Clause 4: Entry clearance
20. Sections 88A, 90 and 91 of the 2002 Act restrict rights of appeal against refusal of entry clearance in respect of some visitors and students and categories of case specified in an order of the Secretary of State. Clause 3 substitutes for these sections one which limits all appeals against refusal of entry clearance to limited grounds (human rights and race discrimination), with the exception of those in the categories listed. The categories which retain a full right of appeal are family visitors and people wishing to join dependents in the United Kingdom (new Section 88A(1)). Provision is also made for regulations which will define in detail the relationships, degree of dependency and circumstances which count for these categories. In particular, the regulations may specify that the UK sponsor should be lawfully settled here, or that the individuals involved should have resided together for a certain length of time (new Section 88A(2). The Secretary of State may, as before, make an order specifying types of entry clearance refusal made on grounds derived from prescriptive provisions of the immigration rules where the right of appeal is to be limited (new Section 88A(3)). A right of appeal remains in all cases on both human rights and race discrimination grounds (new Section 88A(4)).
Clause 5: Refusal of leave to enter
21. Section 89 of the 2002 Act restricts rights of appeal against refusal of permission to enter at the port of visitors and students who do not hold an entry clearance. The restriction limits the grounds of appeal to human rights and race discrimination and, where the appeal is exercised in the UK, asylum. Clause 4 substitutes a provision which applies the restriction to all appeals against refusal of permission to enter at the port, unless the applicant has an entry clearance at the time of refusal which was issued for the specific purpose for which the person seeks entry. A right of appeal remains in all cases on both human rights and race discrimination grounds.
Clause 6: Legal aid
22. Clause 6 amends section 103D(2) and 103D(3) of the 2002 Act to provide that subsection (3) applies where the Tribunal has been ordered to reconsider its decision on an appeal rather than where it has decided the appeal following reconsideration. This amendment allows representatives to be granted Community Legal Service funding by the appropriate court for work done in preparation for a reconsideration hearing that does not then proceed because the Home Office concedes the appeal, the appeal has to be treated as abandoned or where the appellant withdraws the appeal. The previous drafting of section 103D did not cater for the situation where an appeal is withdrawn, abandoned or conceded after reconsideration has been ordered but before it takes place, and the appellant's representative has already carried out some preparatory work for the reconsideration.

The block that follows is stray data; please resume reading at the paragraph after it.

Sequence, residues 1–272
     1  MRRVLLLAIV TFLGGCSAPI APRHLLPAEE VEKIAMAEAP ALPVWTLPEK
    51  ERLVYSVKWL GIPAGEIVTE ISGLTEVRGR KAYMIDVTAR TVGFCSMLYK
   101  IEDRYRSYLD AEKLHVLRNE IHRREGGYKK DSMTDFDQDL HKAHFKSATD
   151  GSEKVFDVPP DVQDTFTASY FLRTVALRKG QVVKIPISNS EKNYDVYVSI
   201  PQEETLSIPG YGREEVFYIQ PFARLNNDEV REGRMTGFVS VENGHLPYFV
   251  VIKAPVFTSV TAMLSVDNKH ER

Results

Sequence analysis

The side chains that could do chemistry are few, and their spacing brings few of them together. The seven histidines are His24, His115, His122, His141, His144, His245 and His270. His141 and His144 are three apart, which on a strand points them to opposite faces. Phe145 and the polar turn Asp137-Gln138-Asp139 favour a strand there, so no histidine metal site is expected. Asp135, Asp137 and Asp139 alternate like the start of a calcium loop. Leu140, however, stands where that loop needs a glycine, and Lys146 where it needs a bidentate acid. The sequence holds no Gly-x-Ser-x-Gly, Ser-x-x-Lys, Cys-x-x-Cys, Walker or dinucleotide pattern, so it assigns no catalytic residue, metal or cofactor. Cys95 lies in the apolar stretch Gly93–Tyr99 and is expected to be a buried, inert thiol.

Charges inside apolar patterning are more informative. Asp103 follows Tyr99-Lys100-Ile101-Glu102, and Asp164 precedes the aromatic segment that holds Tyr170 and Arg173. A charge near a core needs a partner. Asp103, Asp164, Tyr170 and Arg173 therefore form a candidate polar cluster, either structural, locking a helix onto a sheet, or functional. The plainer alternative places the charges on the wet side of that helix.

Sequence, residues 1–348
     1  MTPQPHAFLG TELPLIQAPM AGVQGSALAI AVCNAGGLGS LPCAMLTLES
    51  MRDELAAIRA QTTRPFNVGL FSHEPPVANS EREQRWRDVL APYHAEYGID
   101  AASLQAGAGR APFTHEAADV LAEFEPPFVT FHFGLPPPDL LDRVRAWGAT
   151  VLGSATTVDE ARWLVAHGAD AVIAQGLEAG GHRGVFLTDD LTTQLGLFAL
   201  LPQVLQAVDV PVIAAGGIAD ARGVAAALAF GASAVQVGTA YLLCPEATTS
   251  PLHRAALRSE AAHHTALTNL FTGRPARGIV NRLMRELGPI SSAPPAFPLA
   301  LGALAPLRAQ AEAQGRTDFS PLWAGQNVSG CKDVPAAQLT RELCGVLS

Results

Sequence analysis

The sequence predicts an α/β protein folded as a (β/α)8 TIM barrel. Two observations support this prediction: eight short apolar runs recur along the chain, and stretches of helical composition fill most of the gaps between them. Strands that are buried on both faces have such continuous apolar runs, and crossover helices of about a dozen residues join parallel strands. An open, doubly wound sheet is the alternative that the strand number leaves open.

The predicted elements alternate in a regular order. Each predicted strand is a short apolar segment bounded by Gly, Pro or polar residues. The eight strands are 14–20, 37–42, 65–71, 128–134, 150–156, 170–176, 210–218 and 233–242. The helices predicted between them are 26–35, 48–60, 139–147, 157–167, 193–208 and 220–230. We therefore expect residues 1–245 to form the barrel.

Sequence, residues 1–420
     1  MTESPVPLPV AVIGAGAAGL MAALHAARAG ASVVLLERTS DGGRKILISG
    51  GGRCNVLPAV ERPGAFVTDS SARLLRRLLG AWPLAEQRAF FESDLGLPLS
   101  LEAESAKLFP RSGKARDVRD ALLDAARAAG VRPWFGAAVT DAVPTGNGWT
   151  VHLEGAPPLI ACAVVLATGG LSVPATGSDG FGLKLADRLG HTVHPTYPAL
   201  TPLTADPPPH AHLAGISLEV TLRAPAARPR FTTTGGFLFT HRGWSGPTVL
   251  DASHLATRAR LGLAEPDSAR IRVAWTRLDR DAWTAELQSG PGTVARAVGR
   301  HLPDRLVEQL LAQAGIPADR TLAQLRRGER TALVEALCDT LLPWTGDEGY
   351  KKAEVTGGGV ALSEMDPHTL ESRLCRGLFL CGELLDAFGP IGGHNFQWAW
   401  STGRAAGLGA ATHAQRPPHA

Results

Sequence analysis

Clause 7: Abandonment of appeal
23. Section 104(4) of the 2002 Act provides that when a person has an appeal pending the appeal shall be treated as abandoned if the person is granted leave to enter or remain in the United Kingdom or leaves the United Kingdom. Clause 5 amends section 104 to ensure that neither of these events causes an appeal to be treated as abandoned if the appeal was not brought in the United Kingdom. This prevents anomalies such as an appeal against refusal of entry clearance being treated as abandoned if an entry clearance conferring leave to enter is later granted for a different purpose (new Section 104(4)). A new section 104(4A) ensures that an appeal brought on race discrimination grounds will continue on those grounds if the appeal is otherwise treated as abandoned when leave is granted.
Clause 8: Grants
24. Clause 8 provides that section 110 of the 2002 Act, which allowed grants to be made to organisations giving advice in relation to appeals, shall cease to have effect. The section has become redundant since funding for this purpose is now the responsibility of the Legal Services Commission.
Clause 9: Continuation of leave
25. Clause 9 amends section 3C of the Immigration Act 1971 (the 1971 Act), which currently extends formal permission to remain in the United Kingdom ("leave") if such permission expires while an application to extend it is still being considered and for such time as an appeal against a decision to curtail it or to refuse to extend it is pending. Subsection (2) removes provision for the leave to be extended while an appeal is pending. Section 3C(6) of the 1971 Act defines when an application is decided for the purposes of section 3C as when a notice of decision is given in accordance with regulations made under section 105 of the 2002 Act, but non-appealable decisions do not properly come within the terms of those Regulations. Subsection (3) replaces section 3C(6) with a provision enabling the Secretary of State to make regulations which will better define the types of notice which terminate leave extended by section 3C.